A fact of life about the small-town newspaper business — and probably any business — is change is inevitable.
Change comes to the Wallowa County Chieftain this week with the departure of longtime reporter Ellen Morris Bishop, whose last day at the paper is Friday, Sept. 4.
For those who work at the Chieftain, not seeing Ellen at the Chieftain will take some getting used to.
Ellen did not grow up dreaming of long hours, low pay and constant criticism as her life’s calling. In fact, Ellen holds a doctorate in geology from Oregon State University and her research helped define the history of Eastern Oregon’s exotic terrains. She’s penned books to explain the Northwest’s geologic history to nongeologists. She has taught at Whitman College in Walla Walla, Wash.
Then she decided to tackle newspapers. In early 2016, she started as a freelance writer for the paper with photo coverage of the Eagle Cap Extreme Dog sled race, then become a full-time employee in 2019. Since then she has been a reporter, photographer and an editor.
Ellen has, indeed, done it all.
In the short time that I’ve known Ellen, she has always demonstrated herself to be a professional and that she could quickly exceed expectations. She never recoiled from a photo assignment, and her photos always captured the moment. And, in the end, that’s the best compliment, I believe, you can pay a photographer.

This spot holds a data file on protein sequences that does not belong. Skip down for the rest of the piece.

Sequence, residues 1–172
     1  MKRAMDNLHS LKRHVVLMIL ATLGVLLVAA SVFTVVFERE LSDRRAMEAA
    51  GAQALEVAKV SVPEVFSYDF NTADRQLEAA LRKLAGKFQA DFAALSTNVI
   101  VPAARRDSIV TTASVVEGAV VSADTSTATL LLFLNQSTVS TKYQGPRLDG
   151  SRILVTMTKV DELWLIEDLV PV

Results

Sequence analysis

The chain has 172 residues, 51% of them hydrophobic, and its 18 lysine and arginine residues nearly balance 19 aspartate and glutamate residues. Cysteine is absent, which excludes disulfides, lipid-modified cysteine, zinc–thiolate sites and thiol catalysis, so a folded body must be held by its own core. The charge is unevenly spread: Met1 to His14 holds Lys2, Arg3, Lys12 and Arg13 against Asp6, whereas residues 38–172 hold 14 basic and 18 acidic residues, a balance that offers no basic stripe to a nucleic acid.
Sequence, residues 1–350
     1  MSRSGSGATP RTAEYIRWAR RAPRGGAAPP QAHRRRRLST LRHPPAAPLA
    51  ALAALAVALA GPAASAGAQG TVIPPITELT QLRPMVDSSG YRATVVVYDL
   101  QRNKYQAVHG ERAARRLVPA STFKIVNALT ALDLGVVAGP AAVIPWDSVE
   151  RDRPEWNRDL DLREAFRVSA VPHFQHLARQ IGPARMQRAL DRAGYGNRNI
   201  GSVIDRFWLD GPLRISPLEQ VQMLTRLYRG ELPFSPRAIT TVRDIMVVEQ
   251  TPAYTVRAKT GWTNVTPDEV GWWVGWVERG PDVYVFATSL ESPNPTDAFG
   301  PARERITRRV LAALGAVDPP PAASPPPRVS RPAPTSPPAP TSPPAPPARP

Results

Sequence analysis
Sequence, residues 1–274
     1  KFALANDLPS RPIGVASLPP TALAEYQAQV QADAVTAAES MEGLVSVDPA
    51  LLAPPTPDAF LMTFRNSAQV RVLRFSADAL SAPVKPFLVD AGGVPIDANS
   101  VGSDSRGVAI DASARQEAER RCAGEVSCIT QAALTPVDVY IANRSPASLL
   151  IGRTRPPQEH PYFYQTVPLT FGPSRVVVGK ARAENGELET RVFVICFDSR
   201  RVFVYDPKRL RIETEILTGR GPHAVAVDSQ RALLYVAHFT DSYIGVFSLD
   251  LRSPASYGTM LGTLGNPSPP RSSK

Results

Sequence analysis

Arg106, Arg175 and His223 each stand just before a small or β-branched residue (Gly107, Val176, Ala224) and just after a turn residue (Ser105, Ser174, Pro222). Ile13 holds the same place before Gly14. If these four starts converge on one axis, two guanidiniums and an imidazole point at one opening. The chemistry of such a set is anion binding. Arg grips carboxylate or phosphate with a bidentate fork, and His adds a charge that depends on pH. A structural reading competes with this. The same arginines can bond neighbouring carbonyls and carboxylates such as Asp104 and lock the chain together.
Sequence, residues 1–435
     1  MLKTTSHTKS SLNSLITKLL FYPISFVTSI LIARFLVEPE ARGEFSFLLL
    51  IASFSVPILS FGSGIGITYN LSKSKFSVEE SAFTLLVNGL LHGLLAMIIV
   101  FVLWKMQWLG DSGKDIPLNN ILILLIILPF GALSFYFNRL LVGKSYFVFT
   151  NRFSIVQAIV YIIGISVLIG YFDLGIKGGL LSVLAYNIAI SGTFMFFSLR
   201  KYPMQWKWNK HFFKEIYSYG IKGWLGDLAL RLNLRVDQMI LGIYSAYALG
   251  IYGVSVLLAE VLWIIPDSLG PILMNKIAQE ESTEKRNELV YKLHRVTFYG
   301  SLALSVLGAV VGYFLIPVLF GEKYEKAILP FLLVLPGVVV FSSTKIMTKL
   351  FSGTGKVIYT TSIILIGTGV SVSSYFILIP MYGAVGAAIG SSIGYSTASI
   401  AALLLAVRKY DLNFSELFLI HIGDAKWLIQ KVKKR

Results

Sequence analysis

There is no doubt Ellen will be best remembered for her time here at the Chieftain for her photos and her commitment to the paper and the community.
While I wish the best for Ellen as she moves on from the Chieftain, I am excited about the future and new possibilities. Change, I’ve learned in journalism, is a good thing. While Ellen is leaving this great institution, she will still be around in some capacity, and I am glad for that.
Even though I arrived at what ultimately wound up being the tail end of Ellen’s time here, she was a key piece to the overall news machine that we are looking to build and improve upon.
The Chieftain has been lucky to have had great newsmen and women through the years like Ellen, and, fortunately, we still have seasoned newspaper veterans like Bill Bradshaw, Jennifer Cooney and Cheryl Jenkins who remain as devoted as ever to building upon the legacy of those who have come before. You certainly cannot make up for the loss of institutional knowledge that stalwarts like Ellen bring to the table, but the knowledge she’s passed on to her colleagues will be invaluable.
There is no doubt, Ellen has earned the break from the day-in, day-out grind the newspaper business can often be. There is also no doubt, Ellen Morris Bishop will be missed by those of us still here inside the Wallowa County Chieftain.